Other people have written much about how to plan and prepare for a LEJOG ride, which I won't repeat. In fact, I'll gently contradict it, Much of it is common sense, and the rest is arguably overkill. My “alternative advice” is as follows. Step 1: get a bike you're comfortable on, and clothes likewise, for riding for tens of miles at a time, day after day, including up hills. Step 2: make doubly sure of the foregoing. Step 3: enjoy! Obsessing over planning and eventualities is a great way to build the whole thing up into something stressful. I truly believe it needn't be. Great Britain has the wonderful property that you're rarely far from civilisation. As long as both you and your bike stay in working order, not very much can go wrong. Do guard against the obvious—take some tools and a spare tube. Keep yourself fed and watered. But most of all, enjoy it!

Unless you live in a hilly area, there will be parts of the route that are much hillier than you're used to. If you'd like to compare the hilliness of the routes here against routes you might be used to, be careful comparing elevation gain measured by different methods—it's a minefield. The figures on these pages come from Google Maps, so use that as your comparison. My suggestion is to take hills at your own pace, and not to stress out, no matter how slow that pace is. The hilliest day on the route, day 11, was actually the one we finished the quickest. Practically speaking, it is probably worth a little training on the toughest hills you can reach. But there's no need to go crazy.

(Admittedly I am good at hills. But living in Cambridgeshire where hills are scarce, I was worried about this. I trained only moderately, by going out for the hilliest 40–60-mile rides I knew—mostly around Royston and Saffron Walden. I did this for one or two days on each of the half-dozen or so weekends leading up to the trip, then did three in a row one weekend when I had the Friday off. That was it. As I said, I am unusually good at hills. But my friend, who is less of a hill natural, also agreed that the first day was very tough, but after that it got progressively easier. Aside from a day where we suffered mechanical problems, we were never in danger of failing to reach our destination by a reasonable hour. Even on that day, we reached Cheddar a little before 10pm and our plans were not seriously disrupted.)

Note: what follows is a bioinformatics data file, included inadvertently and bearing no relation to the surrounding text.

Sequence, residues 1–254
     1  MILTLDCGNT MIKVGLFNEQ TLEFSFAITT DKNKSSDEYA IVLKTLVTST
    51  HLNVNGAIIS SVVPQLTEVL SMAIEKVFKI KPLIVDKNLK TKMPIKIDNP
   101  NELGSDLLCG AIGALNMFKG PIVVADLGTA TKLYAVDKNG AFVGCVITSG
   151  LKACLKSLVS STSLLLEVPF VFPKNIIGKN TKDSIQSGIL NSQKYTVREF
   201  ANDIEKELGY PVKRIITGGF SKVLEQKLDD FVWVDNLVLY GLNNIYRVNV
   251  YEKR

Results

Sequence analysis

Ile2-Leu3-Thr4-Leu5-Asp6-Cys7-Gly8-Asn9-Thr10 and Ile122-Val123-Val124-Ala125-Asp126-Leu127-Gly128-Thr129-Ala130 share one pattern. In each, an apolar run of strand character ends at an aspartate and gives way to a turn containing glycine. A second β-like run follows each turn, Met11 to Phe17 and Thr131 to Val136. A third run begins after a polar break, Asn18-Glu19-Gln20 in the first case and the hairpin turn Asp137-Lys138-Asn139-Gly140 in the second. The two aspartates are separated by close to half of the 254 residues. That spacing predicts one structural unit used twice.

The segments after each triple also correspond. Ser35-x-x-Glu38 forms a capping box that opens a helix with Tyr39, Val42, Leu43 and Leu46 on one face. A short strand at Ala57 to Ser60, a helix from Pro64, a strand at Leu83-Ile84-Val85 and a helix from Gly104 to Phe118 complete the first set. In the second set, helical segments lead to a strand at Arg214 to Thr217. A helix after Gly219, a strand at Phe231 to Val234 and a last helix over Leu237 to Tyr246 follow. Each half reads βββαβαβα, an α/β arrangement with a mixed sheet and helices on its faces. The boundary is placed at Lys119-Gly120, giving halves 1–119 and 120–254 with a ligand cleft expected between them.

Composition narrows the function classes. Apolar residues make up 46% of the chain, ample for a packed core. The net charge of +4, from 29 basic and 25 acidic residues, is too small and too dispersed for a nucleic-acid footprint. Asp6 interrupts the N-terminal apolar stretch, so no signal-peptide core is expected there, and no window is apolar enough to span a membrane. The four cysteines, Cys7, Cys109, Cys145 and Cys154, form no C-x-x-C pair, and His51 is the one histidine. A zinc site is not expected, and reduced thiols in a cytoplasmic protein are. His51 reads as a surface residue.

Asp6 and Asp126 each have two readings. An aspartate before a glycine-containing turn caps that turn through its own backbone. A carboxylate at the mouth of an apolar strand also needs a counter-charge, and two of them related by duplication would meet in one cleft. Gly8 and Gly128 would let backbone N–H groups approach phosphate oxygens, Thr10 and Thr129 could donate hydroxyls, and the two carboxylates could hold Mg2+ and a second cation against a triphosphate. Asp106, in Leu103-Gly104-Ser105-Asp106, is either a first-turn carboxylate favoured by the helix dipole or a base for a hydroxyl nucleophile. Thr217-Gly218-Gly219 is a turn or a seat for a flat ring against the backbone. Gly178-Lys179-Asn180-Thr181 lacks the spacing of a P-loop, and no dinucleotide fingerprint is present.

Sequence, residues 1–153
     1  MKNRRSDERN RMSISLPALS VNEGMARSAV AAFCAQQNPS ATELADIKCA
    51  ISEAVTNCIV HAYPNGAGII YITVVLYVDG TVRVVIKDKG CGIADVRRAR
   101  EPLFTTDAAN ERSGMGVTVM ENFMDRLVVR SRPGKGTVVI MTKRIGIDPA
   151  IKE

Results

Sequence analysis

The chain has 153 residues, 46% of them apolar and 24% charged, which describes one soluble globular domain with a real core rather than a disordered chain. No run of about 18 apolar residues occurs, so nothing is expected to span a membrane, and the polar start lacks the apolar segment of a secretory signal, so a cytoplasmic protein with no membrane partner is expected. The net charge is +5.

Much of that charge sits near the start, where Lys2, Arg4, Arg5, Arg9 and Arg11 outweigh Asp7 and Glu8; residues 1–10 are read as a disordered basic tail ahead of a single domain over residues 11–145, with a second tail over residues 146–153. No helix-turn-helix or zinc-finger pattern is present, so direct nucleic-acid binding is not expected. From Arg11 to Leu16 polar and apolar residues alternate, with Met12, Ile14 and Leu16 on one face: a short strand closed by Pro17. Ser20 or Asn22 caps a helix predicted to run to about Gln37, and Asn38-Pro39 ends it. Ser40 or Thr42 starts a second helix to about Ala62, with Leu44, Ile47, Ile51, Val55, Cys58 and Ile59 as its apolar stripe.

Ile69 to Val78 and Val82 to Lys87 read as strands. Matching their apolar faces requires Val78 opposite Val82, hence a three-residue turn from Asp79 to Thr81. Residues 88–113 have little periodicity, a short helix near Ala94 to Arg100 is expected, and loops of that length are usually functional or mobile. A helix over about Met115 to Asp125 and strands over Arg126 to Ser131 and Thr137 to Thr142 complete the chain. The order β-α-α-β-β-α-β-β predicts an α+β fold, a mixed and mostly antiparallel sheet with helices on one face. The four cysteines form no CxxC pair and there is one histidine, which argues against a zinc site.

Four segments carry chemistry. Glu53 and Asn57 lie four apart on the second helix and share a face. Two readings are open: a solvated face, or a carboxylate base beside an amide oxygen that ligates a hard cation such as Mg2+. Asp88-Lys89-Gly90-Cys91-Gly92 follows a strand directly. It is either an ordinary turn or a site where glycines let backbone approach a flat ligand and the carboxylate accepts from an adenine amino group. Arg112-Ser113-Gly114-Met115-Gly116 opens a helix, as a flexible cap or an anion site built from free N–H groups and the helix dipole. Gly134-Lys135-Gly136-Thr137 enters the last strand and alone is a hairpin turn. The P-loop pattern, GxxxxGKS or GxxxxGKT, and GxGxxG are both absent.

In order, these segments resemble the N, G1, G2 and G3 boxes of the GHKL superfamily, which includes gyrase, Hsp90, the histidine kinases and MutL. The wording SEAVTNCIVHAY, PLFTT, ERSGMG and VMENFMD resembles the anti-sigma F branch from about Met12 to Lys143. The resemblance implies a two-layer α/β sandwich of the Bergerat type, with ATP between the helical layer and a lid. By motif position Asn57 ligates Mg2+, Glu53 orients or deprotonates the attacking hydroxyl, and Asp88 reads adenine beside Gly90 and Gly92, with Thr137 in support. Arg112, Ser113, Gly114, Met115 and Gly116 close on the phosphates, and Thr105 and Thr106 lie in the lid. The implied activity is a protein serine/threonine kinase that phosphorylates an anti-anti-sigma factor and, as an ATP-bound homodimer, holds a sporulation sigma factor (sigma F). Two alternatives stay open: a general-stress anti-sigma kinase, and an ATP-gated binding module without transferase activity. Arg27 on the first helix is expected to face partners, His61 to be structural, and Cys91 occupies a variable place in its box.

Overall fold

Special bottom update: I had no special clothing gear except for padded undershorts, which I was very glad I'd bought. Even they were not perfect: bottom chafeage did get worse for the first five days, and I was worried about where it was leading. But after those early days, my backside toughened up by itself and the discomfort went away completely.

Overall, the main route (shown in blue on the map below) is 970 miles long. The maps also show several possible diversions. The ones in red are parts we did and which you could reasonably do, but I don't recommend; instead the blue route is one I'm confident is better. (Even with the red parts, you won't replicate exactly the route we took, because I haven't documented all the minor would-avoid-next-times.) The ones in purple are ones we did do and which make little or no difference, but you might end up doing. The ones in yellow or orange are plausibly good diversions that I'm less sure about. They might be better than the blue route, but have some clear risk or downside; see the blurb I've written, and/or take a look for yourself. The ones in green are ones we didn't do but I'm fairly confident they're at least as good, and likely better, than what we did do.

Footnote to elaborate my disdain for Sustrans: while a minority of their routes are well made, I've had one too many cycling holiday spoiled by their uncycleable nonsense. I'm definitely no “vehicular cycling” advocate, but I've found the majority of their off-road routes to be unpleasant, dangerous or impossible to cycle on, never mind at the comfortably brisk pace that a 14-day 970-mile trip requires. This is an instance of a very common pattern: supposedly pro-cycling initiatives that actually work against cycling. I have no idea what Sustrans's priorities are, but they surely can't be sustainable transport. It's interesting to follow my routes on this page and see how they do or don't coincide with the Sustrans NCN routes. Very often, my route takes a more pleasant and direct route between two points than the nearby Sustrans route does.

the entire route as a gpx file

If you do cycle the route, or some part of it, and have anything to say about how it went, I'd be glad to hear!

Content updated at Thu 19 Mar 15:45:00 GMT 2020.